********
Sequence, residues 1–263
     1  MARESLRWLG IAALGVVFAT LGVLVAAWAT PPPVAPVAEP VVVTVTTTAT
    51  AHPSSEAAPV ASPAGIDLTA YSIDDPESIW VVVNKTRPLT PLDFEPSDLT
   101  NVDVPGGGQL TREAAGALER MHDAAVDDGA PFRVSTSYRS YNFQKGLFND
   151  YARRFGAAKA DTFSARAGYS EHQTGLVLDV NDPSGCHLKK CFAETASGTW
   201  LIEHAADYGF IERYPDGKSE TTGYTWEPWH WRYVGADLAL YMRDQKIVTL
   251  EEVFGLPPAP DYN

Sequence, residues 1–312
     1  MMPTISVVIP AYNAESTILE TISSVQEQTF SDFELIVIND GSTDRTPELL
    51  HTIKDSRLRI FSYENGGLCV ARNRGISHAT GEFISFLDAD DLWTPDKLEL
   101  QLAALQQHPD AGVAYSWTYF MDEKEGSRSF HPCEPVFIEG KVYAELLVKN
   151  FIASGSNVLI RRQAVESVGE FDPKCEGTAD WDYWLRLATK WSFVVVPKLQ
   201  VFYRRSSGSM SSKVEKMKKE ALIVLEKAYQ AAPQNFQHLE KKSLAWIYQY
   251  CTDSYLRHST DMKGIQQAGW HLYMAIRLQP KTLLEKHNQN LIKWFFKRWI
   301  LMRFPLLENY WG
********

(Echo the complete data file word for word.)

Sequence, residues 1–263
     1  MARESLRWLG IAALGVVFAT LGVLVAAWAT PPPVAPVAEP VVVTVTTTAT
    51  AHPSSEAAPV ASPAGIDLTA YSIDDPESIW VVVNKTRPLT PLDFEPSDLT
   101  NVDVPGGGQL TREAAGALER MHDAAVDDGA PFRVSTSYRS YNFQKGLFND
   151  YARRFGAAKA DTFSARAGYS EHQTGLVLDV NDPSGCHLKK CFAETASGTW
   201  LIEHAADYGF IERYPDGKSE TTGYTWEPWH WRYVGADLAL YMRDQKIVTL
   251  EEVFGLPPAP DYN

Sequence, residues 1–312
     1  MMPTISVVIP AYNAESTILE TISSVQEQTF SDFELIVIND GSTDRTPELL
    51  HTIKDSRLRI FSYENGGLCV ARNRGISHAT GEFISFLDAD DLWTPDKLEL
   101  QLAALQQHPD AGVAYSWTYF MDEKEGSRSF HPCEPVFIEG KVYAELLVKN
   151  FIASGSNVLI RRQAVESVGE FDPKCEGTAD WDYWLRLATK WSFVVVPKLQ
   201  VFYRRSSGSM SSKVEKMKKE ALIVLEKAYQ AAPQNFQHLE KKSLAWIYQY
   251  CTDSYLRHST DMKGIQQAGW HLYMAIRLQP KTLLEKHNQN LIKWFFKRWI
   301  LMRFPLLENY WG